Titanosaur - the largest dinosaurs ever discovered is in New York Museum of Natural History

In 1904 the American Museum of Natural History brought a brontosaur skeleton to its galleries. The 67 foot-long 15,000-pound “thunder saurian” fossil that was greeted with tea parties once made open to the public in 1905. New York Times wrote:
"Sunday crowds poured by thousands into American Museum of Natural History (...) to gaze upon and speculate about the huge skeleton of the brontosaurus which had the place of honor at the society tea held in dinosaurs room. The visitors all want to see the monster whose arrival had brought J. Pierpont Morgan from his Wall Street office to join the tea drinkers. A replica of one of the largest dinosaurs ever discovered is now on display at the museum".
Picture of 1904

In 1898 paleontologist Walter Granger discovered a large set of fossilized bones at Wyoming’s Como Bluff .  It   took six years to mount it in the museum.  Since Granger and his team did not find a head  ,  they gave it a sculpted head of another type of animal.  
In 1990s, during the renovation of the fossil halls, the head of  Apatosaurus  ( a correct name for Brontosaurus)  was replaced with  cast of the skull from Pittsburgh’s Carnegie Museum.    Apatosaurus skeleton with a detached skull  was found just  a few years after the Apatosaurus was first mounted, but for decades paleontologists disagreed over whether the skull belonged with the body.

A replica of one of the largest dinosaurs ever discovered  was added to museum this January.

  The biggest dinosaur ever exhibited at the museum and among the largest ever discovered stretches 122 feet long and rise nearly 20 feet to reach the ceiling. It is twice as large as the brontosaurus from 1904.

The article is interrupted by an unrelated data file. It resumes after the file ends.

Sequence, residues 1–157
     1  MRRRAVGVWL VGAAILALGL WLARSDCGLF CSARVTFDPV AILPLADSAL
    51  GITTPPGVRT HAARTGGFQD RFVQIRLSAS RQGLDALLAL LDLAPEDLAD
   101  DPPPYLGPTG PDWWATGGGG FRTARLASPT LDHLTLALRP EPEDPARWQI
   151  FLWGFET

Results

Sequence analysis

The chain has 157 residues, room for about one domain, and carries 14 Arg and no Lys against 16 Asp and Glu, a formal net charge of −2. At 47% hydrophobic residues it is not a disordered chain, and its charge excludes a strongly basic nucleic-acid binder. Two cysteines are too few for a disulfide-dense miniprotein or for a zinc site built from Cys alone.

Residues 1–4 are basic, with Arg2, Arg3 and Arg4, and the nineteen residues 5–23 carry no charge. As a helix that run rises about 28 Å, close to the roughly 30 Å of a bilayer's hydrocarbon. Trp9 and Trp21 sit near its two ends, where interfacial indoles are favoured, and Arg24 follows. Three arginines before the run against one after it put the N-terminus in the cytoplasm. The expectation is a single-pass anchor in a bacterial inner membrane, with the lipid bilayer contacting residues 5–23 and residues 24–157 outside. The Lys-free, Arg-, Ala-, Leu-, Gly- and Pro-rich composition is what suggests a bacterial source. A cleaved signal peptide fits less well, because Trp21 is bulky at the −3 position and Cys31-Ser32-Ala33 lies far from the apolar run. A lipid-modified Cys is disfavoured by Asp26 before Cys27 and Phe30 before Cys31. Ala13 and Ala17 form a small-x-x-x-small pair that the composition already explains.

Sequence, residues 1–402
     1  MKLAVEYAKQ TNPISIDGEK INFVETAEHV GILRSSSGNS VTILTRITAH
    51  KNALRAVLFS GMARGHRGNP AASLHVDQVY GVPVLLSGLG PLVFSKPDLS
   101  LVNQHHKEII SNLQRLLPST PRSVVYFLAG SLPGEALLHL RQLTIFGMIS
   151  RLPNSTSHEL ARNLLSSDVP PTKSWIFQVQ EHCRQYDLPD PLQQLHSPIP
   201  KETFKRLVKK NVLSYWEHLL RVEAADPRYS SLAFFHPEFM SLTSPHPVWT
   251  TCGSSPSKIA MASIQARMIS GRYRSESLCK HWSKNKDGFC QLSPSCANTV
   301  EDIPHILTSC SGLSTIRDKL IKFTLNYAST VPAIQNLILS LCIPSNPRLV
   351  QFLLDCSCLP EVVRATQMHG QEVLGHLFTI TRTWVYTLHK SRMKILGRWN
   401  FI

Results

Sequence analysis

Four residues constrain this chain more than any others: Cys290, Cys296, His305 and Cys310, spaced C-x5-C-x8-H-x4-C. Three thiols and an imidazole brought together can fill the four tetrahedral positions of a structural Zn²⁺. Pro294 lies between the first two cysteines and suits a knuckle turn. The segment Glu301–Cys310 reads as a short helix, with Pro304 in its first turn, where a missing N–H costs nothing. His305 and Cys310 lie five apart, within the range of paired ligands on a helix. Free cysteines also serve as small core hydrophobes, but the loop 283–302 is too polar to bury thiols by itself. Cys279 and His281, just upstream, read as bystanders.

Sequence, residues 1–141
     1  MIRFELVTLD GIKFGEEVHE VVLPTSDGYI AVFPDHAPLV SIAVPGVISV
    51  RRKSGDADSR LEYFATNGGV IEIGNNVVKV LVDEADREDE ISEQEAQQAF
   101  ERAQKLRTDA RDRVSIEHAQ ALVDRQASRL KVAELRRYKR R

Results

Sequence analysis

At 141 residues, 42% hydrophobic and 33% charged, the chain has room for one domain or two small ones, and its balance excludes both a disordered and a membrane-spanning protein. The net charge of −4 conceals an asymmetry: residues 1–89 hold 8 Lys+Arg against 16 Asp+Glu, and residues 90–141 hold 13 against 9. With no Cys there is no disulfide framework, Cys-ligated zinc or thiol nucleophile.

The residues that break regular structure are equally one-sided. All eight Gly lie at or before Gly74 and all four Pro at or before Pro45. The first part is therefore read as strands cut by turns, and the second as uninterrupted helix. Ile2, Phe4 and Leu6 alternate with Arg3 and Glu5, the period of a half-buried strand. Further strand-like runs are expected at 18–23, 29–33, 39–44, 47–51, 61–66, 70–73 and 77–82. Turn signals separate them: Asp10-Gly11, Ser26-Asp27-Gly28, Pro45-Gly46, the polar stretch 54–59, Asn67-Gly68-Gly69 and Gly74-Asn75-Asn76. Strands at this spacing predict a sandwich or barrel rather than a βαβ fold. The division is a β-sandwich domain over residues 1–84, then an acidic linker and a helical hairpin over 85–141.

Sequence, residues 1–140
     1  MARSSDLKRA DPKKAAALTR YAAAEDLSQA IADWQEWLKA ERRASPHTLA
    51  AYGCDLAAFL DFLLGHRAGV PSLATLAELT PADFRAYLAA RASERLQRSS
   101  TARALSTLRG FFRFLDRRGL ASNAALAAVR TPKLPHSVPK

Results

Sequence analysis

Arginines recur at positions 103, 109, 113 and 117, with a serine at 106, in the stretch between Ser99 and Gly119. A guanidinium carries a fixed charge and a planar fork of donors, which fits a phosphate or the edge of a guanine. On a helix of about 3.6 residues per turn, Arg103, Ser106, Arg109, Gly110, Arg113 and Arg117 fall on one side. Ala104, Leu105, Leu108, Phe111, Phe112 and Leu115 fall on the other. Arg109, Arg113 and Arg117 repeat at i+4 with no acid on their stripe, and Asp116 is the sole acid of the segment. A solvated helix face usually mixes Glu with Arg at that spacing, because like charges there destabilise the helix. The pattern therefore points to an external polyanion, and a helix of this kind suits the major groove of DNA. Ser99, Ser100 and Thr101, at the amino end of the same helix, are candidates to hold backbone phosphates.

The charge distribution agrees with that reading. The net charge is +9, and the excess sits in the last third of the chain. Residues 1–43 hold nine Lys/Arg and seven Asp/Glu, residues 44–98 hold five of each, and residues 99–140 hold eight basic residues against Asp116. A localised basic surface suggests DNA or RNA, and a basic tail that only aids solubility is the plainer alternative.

It is believed to have weighed, when walking the Earth roughly 100 million years ago, some 70 tons—as heavy as at least 10 African elephants.

It is life-size and is too large to fit into the hall and to stand up straight under the museum’s 19-foot-high ceilings. With its neck up, the titanosaur would have been tall enough to look into a five-story building. “We struggled with just fitting him in, and in order to do it, we had to crouch him down,” said museum president Ellen Futter. As it turns out, the hall also isn’t long enough to completely hold the dinosaur, as the titanosaur’s head protrudes from its exhibit room into an adjoining entranceway.

The fossils were accidentally discovered in 2011 by a farm worker in a remote area in the Patagonian province of Chubut, some eight hundred miles south of Buenos Aires, Argentina. The worker spotted the tip of a massive fossil sticking out of the ground. Researchers started digging and in 2014 discovered the most complete skeleton of a titanosaur, a group of gigantic plant-eating dinosaurs that dominated the Southern Hemisphere beginning about 90 million years ago. After just one day of digging, paleontologists had uncovered more than 220 bones. One of the thigh bones measuring 7.8 feet in length.

 “This is a true paleontological treasure,” a paleontologist at the Egidio Feruglio Museum in the southern Argentine city of Trelew said. “There are many remains and they were practically intact, something that does not frequently happen.” Titanosaurian dinosaurs were among the largest animals in the southern continents during the final 30 million years of the Mesozoic Era. Several titanosaur species are regarded as the most massive land-living animals yet discovered; nevertheless, nearly all of these giants were known only from very incomplete fossils.

What they discovered is a cemetery of dinosaurs the likes of which we had never seen in the history of Argentine paleontology," Ruben Cuneo, director of the Museo Paleontológico Egidio Feruglio said The dinosaur is so new, it doesn’t have an official name. The term “titanosaur” actually refers to a group of giant dinosaurs of similar make and size, according to Don Phillips, president of the New York Paleontological Society and a lecturer at New York University.

Two  dinosaur halls  are located in the David H. Koch Dinosaur Wing of the museum. David H. Koch is an executive vice president and a board member of Koch Industries, Inc., which owns a diverse group of companies. A long-time philanthropist, Mr. Koch has given generously to a variety of organizations and programs.
He gave $20 million to the American Museum of Natural History in New York City establishing the David H. Koch Dinosaur Wing.

One of David Koch’s biggest hobbies, beyond his more general philanthropic pursuits, is paleontology. Dinosaurs are the things that interest him most. Koch caught the dinosaur bug at the age of 14, when his father took him and his twin brother, Bill, to visit the American Museum of Natural History. “I was just dazzled by the dinosaurs,” he told.

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